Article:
Bass-playing prop enjoys Super Rugby gig

Emerging NSW Waratahs prop Harry Johnson-Holmes has gone from playing a bass guitar to banging out a very different rhythm in Super Rugby.

HJH, as he's known to his teammates, has had a tough initiation, coming off the bench to lock horns with strong South African and Argentinian scrums and the Rebels' star-studded pack in his first handful of games.

He helped to set up a match-winning try after the siren on his debut and has maintained a spot in the 23-strong matchday-squad through the Tahs' first four games.

The 21-year-old front-rower didn't anticipate getting those opportunities so early in his career and next week could face a Brumbies side containing several Test forwards.

For the Sydney University economics student it's a different learning experience and a far cry from his previous gig of playing in an indie rock band.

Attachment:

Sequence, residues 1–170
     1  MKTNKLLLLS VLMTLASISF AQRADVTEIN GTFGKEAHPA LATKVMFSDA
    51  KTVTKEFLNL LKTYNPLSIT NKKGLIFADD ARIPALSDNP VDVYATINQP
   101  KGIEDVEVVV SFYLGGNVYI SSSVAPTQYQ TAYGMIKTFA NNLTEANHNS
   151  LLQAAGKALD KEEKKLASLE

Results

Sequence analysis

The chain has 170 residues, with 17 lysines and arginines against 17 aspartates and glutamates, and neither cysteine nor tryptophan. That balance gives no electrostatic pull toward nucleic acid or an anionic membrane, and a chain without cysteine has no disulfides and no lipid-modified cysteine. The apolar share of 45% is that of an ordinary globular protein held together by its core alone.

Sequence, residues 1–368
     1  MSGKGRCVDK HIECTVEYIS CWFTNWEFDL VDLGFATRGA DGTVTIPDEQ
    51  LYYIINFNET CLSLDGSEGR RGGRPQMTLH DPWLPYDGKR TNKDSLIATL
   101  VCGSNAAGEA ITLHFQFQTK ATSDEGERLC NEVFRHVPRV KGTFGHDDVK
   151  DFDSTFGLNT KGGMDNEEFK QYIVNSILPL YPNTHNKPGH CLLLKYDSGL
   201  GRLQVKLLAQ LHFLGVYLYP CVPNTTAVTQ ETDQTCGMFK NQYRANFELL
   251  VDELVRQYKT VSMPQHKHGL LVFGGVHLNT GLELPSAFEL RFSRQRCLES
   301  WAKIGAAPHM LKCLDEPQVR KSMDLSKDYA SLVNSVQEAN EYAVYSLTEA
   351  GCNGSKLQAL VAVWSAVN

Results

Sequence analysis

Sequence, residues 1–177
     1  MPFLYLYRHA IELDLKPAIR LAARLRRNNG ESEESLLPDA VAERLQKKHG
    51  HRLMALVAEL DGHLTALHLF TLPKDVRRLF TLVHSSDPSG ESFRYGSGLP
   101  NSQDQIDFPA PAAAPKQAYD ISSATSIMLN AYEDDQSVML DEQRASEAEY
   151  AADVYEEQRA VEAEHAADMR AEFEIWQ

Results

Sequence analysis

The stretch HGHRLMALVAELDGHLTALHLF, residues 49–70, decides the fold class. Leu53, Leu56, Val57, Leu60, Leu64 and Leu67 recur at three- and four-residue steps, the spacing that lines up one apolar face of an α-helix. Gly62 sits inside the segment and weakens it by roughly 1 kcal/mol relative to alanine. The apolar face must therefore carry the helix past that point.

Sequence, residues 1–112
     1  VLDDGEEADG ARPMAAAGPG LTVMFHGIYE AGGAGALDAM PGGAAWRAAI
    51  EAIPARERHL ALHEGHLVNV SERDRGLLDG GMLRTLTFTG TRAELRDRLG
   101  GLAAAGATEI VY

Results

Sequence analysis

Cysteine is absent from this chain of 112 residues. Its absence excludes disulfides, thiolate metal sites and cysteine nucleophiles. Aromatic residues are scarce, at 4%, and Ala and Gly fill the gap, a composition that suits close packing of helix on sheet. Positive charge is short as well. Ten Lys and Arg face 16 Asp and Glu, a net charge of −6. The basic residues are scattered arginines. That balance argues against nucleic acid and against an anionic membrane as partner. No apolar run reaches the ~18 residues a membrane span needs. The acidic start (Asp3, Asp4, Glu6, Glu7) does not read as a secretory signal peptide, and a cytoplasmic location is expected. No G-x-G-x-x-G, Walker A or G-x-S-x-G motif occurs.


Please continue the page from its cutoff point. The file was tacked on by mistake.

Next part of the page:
"I opened up to the team earlier in the season and let them know of my dark past of being in a band in Newcastle, where I played bass guitar, where we played at local venues," Johnson-Holmes said.

"I didn't even sing that much in the band but (they said) 'you've got to sing a couple of songs' and I've stitched myself up ever since.

"(I had) a bit different hair, very flashy button up T-shirts , but that's behind me now, I'm on the straight and narrow, just focusing on my footy.

"With the damage I've had to my face over the past couple of games, I don't think I've got a face for the stage anymore!"

Training with and against three Wallabies props has helped steel Johnson-Holmes for the step up to Super Rugby.

"Every training session I''m packing against (Wallaby props) Sekope Kepu, Tom Robertson and Paddy Ryan," he said.

'"They are all world class players and every training session turns into a bit of a Test match there with the likes of those.

"It definitely puts you in a good head space coming into the weekend when you have got teams like the Brumbies, who boast a good pack."

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